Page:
Comings and going: Former BlueArc CEO Gianluca Rattazzi has a new software startup called MaxiScale. The company is in stealth mode, but raised $12 million in funding last March. Other MaxiScale execs included former Attune Networks CTO Francesco Lacapra and former Attune Systems vp of marketing Dan Liddle. . . . Storage veteran Larry Cormier, recently with defunct data classification startup Scentric, now heads marketing at iSCSI vendor LeftHand Networks.
The AP has reported that execs in Cisco’s Brazilian business unit have been arrested on suspicion of smuggling and tax fraud. Yikes.
Add this to the “storage / networking police blotter” over the last year, which has included such bizarre cases as the HP pretexting flak and a more recent instance of a NetApp manager accused of embezzling travel funds.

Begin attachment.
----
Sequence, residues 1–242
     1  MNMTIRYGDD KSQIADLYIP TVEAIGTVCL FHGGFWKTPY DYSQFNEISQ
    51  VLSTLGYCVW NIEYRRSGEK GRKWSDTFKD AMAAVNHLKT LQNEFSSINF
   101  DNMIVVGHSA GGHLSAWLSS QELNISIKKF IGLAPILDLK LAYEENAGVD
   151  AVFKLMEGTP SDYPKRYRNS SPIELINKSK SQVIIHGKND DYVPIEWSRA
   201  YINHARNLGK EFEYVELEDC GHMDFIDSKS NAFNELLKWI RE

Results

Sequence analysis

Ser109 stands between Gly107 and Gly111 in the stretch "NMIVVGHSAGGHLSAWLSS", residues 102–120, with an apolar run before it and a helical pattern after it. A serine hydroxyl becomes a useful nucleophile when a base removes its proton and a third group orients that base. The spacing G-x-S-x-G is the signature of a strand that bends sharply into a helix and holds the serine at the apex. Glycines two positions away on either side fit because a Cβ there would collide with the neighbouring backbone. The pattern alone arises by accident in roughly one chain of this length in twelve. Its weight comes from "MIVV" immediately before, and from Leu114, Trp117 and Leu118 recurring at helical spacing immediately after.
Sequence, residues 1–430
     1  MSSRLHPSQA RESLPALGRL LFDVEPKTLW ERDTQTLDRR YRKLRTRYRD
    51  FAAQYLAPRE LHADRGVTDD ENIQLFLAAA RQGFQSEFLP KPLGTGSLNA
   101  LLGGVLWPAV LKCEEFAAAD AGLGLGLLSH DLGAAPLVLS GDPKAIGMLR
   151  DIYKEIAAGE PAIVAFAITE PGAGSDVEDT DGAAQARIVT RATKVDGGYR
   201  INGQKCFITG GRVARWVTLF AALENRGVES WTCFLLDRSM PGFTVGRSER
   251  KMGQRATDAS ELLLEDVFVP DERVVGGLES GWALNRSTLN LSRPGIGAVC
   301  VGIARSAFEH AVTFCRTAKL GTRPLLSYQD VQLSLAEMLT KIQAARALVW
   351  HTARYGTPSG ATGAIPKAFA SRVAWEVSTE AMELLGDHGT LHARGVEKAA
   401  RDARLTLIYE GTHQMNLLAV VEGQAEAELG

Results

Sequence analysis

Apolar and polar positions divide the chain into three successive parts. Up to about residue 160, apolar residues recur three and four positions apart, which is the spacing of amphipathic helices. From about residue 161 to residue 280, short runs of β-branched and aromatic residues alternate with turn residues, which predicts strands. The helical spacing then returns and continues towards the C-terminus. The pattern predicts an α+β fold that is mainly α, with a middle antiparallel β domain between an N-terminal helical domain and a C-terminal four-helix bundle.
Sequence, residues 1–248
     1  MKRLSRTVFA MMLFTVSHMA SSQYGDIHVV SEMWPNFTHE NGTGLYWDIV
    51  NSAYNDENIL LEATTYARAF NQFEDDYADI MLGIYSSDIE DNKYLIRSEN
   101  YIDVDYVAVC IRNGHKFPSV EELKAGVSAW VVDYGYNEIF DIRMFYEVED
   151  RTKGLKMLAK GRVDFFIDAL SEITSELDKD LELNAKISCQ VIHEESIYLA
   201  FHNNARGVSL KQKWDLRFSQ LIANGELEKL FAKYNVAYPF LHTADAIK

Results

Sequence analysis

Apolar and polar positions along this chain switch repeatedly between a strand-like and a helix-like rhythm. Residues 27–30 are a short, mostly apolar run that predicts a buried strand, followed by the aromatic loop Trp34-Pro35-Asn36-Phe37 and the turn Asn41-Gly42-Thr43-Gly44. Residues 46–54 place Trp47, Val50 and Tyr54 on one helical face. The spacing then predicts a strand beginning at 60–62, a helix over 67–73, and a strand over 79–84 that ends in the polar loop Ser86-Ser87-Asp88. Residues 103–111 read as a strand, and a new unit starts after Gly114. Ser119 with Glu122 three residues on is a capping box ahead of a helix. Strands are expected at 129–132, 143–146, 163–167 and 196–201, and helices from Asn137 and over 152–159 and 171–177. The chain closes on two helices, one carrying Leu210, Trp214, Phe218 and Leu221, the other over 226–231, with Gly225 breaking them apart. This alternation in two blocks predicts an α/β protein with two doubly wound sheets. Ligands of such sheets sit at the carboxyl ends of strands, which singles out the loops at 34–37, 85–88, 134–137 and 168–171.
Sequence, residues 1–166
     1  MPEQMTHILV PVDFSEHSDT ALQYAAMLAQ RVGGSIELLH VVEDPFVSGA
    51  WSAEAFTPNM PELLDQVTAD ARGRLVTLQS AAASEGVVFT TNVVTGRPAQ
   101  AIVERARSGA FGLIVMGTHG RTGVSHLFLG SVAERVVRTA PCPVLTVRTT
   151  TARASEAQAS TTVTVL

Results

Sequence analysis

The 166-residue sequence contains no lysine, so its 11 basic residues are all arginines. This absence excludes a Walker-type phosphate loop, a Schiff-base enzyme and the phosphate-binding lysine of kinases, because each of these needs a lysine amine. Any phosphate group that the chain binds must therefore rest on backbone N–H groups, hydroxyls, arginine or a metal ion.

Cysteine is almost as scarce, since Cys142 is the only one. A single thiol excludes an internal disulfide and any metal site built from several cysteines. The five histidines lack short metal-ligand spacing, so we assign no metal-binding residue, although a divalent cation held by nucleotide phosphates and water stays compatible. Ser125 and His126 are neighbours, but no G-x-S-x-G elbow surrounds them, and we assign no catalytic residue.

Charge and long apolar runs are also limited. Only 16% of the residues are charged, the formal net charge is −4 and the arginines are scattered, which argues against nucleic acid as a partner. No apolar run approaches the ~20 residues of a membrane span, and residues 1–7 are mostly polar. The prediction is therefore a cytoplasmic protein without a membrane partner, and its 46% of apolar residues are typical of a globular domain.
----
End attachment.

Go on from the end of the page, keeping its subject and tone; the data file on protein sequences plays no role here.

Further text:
Anybody care to start a betting pool on which people from which big company will show up in the news next? It could be like a game of Clue…“EMC, middle managers, jaywalking, in New York City!” “IBM, Board of Directors, unpaid parking violations, in Research Triangle!”
Okay, maybe that’s just me.